Due to its location being on the edge of the Ring of Fire, Hindia Belanda is replete with numerous active volcanoes and consequently, earthquakes. However, volcanic ash is a direct contributor to the nation's vast fertile land, a natural domain of biodiversity.

The country lies on the equator and has a tropical climate, with dry and monsoon seasons. It is also very humid and makes breathing very arduous.

Administrative divisions

Name

Type

Largest city

Capital Territory

Special territory

Jakarta

Koningin Juliana territory

Special territory

Koninginestad

Pulau Alba

Special territory

Harimata

West java

Province

Bandung

Central Java

Province

Samarang

East Java

Province

Yogyakarta

Bali

Province

Denpasar

Southwest Timor

Province

Kupang

Great Bangka

Province

Pangkal Pinang

Lesser Bangka

Province

Bangka Belitung

Lower Borneo

Province

Banjarmasin

Lower Celebes

Province

Makassar

The Lesser Spice Islands

Province

Ashkelon Baru

Moluccas

Province

Ambon

Pulau Frederik

Province

Frederikstad

Upper Papua

Province

Jayapura

Four Saints

Province

Nieuw Oranjestad

Hindia Belanda consists of 14 provinces and 3 special territories. Each Provinces are led by a democratically-elected Commissioner of the King (Commissaris van de Koning) while the three territories are led by a ceremonial Lord Mayor, appointed by the Governor-General at the behest of Parliament. Provinces have their own legislature while the territories are administered and legislated for directly by the central government in Jakarta.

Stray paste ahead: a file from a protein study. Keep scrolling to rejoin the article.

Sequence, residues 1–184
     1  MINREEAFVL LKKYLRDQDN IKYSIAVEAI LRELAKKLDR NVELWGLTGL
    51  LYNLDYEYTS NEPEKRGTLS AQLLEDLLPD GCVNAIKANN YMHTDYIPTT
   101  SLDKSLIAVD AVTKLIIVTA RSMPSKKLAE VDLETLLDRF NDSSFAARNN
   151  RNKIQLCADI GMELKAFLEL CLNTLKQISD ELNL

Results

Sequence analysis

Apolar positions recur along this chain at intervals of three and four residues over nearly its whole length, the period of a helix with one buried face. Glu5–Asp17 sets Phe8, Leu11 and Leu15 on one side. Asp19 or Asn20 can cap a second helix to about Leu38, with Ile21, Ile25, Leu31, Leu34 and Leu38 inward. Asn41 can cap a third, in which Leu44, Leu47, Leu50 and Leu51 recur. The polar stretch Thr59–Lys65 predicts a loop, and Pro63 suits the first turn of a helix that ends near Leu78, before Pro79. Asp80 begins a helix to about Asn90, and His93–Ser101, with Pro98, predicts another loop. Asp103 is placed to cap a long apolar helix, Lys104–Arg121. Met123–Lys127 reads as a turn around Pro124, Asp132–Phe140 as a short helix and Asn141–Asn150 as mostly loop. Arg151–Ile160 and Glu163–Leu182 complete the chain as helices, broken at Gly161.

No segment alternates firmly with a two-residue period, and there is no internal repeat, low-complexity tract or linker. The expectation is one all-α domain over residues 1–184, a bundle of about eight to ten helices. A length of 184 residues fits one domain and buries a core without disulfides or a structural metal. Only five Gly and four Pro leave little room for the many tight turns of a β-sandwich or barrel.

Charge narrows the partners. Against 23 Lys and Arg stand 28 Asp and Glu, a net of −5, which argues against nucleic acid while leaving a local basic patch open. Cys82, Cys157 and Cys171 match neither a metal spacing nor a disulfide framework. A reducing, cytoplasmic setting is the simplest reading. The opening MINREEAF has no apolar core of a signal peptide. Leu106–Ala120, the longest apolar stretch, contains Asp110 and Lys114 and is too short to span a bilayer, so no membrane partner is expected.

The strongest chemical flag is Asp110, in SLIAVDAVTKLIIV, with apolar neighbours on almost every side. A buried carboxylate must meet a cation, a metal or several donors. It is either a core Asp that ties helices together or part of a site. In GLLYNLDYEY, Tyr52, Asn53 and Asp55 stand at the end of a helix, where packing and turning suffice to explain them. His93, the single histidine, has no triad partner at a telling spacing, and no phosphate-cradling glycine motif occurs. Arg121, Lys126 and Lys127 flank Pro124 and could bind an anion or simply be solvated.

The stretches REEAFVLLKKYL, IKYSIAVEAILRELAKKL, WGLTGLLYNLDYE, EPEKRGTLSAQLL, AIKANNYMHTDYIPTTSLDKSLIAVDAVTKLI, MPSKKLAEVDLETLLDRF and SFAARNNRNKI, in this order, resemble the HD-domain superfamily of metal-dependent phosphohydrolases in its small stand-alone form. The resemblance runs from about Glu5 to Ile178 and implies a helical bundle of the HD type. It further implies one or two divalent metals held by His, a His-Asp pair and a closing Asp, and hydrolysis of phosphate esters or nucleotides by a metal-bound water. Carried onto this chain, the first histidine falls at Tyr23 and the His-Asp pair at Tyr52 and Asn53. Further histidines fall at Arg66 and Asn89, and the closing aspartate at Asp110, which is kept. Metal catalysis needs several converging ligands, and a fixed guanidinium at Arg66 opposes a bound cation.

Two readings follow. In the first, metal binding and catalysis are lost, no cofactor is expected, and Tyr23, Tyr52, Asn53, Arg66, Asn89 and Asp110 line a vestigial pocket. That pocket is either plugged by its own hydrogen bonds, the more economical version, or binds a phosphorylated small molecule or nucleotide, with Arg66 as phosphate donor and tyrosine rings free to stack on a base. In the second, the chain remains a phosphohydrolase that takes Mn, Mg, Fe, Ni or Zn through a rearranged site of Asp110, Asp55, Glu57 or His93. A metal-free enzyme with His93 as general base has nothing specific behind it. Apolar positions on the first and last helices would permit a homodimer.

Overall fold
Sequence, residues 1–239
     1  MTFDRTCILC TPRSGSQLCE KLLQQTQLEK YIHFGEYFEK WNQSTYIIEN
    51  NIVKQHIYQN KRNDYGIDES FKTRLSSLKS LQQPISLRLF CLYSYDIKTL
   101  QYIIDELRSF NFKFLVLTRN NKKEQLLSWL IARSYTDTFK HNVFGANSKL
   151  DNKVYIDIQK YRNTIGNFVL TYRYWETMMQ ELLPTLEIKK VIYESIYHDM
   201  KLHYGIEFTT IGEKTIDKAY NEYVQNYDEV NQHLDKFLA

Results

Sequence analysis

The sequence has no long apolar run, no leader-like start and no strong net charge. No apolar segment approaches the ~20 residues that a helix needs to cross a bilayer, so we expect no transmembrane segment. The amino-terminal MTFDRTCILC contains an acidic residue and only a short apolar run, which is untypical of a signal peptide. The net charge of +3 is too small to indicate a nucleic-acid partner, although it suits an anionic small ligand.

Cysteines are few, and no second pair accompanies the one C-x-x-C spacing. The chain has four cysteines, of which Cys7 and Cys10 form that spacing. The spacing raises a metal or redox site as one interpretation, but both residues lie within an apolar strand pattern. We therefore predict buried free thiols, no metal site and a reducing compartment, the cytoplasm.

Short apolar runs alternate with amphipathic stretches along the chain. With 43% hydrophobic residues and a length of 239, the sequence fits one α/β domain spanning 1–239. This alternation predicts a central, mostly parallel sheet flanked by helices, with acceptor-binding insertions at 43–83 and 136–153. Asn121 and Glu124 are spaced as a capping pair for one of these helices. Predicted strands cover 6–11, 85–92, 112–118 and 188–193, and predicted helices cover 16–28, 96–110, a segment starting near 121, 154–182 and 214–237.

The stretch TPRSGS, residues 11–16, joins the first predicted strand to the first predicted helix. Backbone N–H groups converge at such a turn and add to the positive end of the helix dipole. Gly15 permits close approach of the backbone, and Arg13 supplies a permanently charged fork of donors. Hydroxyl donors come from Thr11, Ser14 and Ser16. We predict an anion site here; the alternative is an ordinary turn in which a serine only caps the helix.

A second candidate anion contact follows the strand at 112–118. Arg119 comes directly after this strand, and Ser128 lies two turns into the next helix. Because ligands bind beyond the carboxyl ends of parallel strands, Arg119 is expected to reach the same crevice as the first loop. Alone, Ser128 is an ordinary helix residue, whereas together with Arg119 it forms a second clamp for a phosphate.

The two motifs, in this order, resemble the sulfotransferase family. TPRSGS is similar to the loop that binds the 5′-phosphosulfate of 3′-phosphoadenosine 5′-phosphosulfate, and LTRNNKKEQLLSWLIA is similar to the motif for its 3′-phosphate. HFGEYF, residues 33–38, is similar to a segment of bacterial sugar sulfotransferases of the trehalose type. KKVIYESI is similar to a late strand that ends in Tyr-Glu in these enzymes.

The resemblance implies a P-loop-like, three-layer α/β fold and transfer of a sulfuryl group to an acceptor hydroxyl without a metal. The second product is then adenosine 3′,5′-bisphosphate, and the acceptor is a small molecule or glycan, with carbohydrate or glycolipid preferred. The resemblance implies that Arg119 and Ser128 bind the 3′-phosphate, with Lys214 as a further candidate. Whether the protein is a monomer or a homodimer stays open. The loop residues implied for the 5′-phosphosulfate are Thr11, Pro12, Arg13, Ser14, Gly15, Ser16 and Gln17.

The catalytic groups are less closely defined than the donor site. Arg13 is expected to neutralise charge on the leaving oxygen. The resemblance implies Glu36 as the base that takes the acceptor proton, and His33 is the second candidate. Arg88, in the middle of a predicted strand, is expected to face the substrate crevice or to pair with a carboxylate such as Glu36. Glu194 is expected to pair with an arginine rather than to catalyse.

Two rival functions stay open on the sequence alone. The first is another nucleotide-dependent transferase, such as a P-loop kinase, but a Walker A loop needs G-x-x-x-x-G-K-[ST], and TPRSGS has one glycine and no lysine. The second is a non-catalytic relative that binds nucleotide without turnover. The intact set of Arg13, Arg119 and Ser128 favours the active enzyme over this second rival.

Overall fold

Hindia Belanda is a unitary state under a constitutional monarchy. Its government follows the principle of parliamentary democracy with a monarch as its head of state. The King of Hindia Belanda resides in the Netherlands and is represented by a Governor-General at the national level and by Commissioners of the King at the provincial level. The Governor-General, being the King's representative, has the right to be regularly briefed and consulted on government affairs. Occasionally, reserve powers are wielded by the Governor-General to dismiss either the Prime Minister or the parliament without the former's approval. These reserve powers may be exercised only with an explicit consent of the people, usually by a referendum.

Politics in the country are characterised by continuous efforts to achieve general consensus on important issues. Governments are known to seek approval of the general population before submitting significant bills of law and ratifying treaties with foreign states. Historically, most cabinets are formed by a coalition of several parties as no single party has ever held a majority in parliament since the country received full autonomy from the Dutch crown.

The cabinet forms the executive of the country, exercising authority and holding responsibility for the governance of the State. The head of government is the Prime Minister, who is often the leader of the largest party in the coalition government. The Prime Minister is considered first among equals, which means that they technically do not hold superior political powers beyond those of the other ministers. Bambang Susilo has been Prime Minister of Hindia Belanda since 2009, leading the Liberal Democrat party (Partai Demokrat Liberal) which has been in power since 1991.

The bicameral parliament of Hindia Belanda, the Staten-Generaal, has absolute sovereignty and the government is directly responsible to it. The unelected upper house of the Staten-Generaal is the Dewan Bangsawan and consists of hereditary native royals and appointed life peers. Native royal houses each hold 5 seats in the Dewan Bangsawan. Life peers are appointed by the Governor-General by the advice of the government. The Dewan Deputi is the lower house of the Staten-Generaal, whose members are elected every five years or even sooner following a motion of no confidence.